Bird's Nest Fern
Sometimes plants provide a much-needed escape—not just by working with them, but also in their appearance in general. Take the bird’s nest fern: One look at this popular houseplant—with its long, waxy, apple-green fronds—sends us daydreaming to a tropical paradise.
In fact, this fern really doesn’t look much like a fern at all. Its solid, uncut, leaf-like fronds extend 18 inches or more from a fuzzy rosette, looking like tiny eggs as they begin to unfurl and stretch. In some countries, the fleshly leaves are cooked in stir fry and other dishes.
Native to southeast Asia, bird’s nest fern (Asplenium nidus), also known as spleenwort, is easy to grow if given the proper conditions—mainly warmth and humidity. An epiphyte (plants that can grow without soil and typically attach themselves to a host plant in nature), this fern grows naturally high in the trees of the rainforest, so it pairs nicely with bromeliads and orchids. Even grown alone, it makes quite the specimen plant.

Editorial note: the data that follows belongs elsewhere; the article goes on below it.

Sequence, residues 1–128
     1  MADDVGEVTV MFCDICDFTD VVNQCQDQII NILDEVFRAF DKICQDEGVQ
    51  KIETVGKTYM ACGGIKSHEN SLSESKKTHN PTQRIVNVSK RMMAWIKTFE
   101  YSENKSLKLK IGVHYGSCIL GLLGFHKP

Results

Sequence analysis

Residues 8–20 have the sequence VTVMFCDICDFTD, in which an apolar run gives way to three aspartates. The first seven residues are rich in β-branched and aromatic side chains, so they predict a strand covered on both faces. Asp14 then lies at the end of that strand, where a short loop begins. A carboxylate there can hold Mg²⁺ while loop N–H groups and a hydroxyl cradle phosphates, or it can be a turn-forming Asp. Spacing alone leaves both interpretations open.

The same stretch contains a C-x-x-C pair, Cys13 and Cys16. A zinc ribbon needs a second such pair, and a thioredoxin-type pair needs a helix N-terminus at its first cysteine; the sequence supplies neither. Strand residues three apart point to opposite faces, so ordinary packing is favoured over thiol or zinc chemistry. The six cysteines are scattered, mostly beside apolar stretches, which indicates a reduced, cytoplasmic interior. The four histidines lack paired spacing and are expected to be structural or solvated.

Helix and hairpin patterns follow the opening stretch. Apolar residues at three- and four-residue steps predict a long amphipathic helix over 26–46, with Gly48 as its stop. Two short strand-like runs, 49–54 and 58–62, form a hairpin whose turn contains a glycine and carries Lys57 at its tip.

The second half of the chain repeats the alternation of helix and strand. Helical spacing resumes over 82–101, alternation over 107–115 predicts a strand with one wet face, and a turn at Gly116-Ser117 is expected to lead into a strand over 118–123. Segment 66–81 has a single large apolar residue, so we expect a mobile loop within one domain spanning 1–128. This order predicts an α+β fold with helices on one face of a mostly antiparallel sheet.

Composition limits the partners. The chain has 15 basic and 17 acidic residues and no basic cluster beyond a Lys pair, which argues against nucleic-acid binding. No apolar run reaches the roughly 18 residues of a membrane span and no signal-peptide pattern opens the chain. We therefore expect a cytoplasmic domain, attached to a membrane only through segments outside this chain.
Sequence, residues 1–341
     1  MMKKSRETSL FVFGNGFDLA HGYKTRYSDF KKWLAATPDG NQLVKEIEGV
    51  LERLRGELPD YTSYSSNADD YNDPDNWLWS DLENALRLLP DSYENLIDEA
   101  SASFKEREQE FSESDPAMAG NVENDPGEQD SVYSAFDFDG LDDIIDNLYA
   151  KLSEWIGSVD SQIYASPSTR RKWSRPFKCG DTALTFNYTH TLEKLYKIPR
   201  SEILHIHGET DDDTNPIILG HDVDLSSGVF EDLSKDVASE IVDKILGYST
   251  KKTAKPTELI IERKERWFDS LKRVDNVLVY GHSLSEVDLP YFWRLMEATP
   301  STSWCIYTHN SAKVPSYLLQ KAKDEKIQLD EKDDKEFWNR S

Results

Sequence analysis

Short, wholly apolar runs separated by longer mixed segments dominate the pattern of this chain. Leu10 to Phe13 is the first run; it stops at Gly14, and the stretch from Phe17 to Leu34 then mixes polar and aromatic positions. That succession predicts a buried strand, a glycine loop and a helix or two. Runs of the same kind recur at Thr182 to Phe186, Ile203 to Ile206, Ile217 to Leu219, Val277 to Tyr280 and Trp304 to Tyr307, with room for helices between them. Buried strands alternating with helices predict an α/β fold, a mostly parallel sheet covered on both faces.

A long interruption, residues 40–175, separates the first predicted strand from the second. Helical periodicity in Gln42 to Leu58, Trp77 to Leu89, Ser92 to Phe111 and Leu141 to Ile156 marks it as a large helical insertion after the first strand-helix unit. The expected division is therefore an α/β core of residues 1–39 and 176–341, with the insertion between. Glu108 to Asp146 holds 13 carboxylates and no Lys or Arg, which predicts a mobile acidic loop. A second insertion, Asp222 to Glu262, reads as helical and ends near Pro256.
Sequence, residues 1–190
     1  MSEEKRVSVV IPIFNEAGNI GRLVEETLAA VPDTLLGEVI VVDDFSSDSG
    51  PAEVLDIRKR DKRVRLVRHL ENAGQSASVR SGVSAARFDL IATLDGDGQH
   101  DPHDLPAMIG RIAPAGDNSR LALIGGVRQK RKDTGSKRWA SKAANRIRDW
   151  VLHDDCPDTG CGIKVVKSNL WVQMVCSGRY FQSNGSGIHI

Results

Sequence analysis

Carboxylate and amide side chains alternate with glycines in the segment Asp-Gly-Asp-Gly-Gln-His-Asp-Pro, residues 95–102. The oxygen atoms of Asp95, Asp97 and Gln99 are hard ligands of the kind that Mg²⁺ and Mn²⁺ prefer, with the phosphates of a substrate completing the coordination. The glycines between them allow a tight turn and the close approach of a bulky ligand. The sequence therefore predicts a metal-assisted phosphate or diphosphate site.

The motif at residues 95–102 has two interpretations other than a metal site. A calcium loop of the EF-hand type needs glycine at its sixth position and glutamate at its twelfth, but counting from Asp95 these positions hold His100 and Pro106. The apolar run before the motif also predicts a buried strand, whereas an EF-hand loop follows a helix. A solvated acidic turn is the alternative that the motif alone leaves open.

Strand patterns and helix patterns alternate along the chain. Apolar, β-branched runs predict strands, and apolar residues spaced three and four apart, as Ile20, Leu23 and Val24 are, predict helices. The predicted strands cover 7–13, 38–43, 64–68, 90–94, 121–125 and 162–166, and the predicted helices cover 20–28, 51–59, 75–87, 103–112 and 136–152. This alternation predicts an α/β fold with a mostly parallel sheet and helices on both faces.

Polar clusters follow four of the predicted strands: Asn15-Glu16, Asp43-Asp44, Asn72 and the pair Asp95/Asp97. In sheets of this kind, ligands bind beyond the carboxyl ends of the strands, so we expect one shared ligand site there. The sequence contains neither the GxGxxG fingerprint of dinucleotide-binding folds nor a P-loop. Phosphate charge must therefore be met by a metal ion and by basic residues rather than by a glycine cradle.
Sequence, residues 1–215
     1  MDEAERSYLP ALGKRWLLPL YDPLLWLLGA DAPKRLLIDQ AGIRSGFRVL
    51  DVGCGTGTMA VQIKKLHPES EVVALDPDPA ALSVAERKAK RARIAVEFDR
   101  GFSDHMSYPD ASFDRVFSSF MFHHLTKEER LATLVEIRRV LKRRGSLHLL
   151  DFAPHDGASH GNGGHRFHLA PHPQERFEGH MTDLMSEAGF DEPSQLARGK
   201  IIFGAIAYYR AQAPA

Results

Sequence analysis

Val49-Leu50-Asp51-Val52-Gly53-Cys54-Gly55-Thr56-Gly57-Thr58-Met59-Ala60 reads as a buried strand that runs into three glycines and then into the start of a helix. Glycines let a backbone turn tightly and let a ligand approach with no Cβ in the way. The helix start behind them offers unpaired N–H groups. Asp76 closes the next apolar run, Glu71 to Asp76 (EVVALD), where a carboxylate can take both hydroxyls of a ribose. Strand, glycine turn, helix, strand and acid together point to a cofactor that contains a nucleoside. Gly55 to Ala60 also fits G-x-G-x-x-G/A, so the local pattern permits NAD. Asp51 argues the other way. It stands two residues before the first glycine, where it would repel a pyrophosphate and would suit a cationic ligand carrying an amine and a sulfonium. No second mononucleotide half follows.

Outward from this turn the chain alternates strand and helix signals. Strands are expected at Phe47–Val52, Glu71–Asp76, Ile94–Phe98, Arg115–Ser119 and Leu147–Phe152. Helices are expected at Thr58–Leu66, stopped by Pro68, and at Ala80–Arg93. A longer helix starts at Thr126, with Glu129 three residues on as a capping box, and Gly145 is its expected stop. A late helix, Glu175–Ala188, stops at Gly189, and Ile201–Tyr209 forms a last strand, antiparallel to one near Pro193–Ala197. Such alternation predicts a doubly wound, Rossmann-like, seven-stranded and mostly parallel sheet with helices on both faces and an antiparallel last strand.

Outdoors, bird’s nest fern is hardy only in zones 10 and 11—yet another reason it makes for such a popular houseplant. Indoors, give it bright but indirect light and temperatures between 70 and 80 degrees.
A fast grower, bird’s nest fern can be planted in all-purpose potting mixes, and because it’s a jungle plant, prefers soil that is well drained but remains evenly moist.
Caring for Bird's Nest Fern
- Avoid watering the center of the plant (the rosette) because it acts as a cradle and can cause the plant to rot. Instead, water the soil around the perimeter of the plant.
- Test the moisture level by sticking a finger an inch into the soil. It should be damp, but not soggy. If dry, add about an inch of water.
- Give the plant plenty of humidity by occasionally misting the fronds with a water bottle.
- Add a layer of mulch over the soil surface to help it retain moisture.
- During growing season, feed the fern every other week with a water-soluble fertilizer. Repot every couple of years in a larger pot with new soil.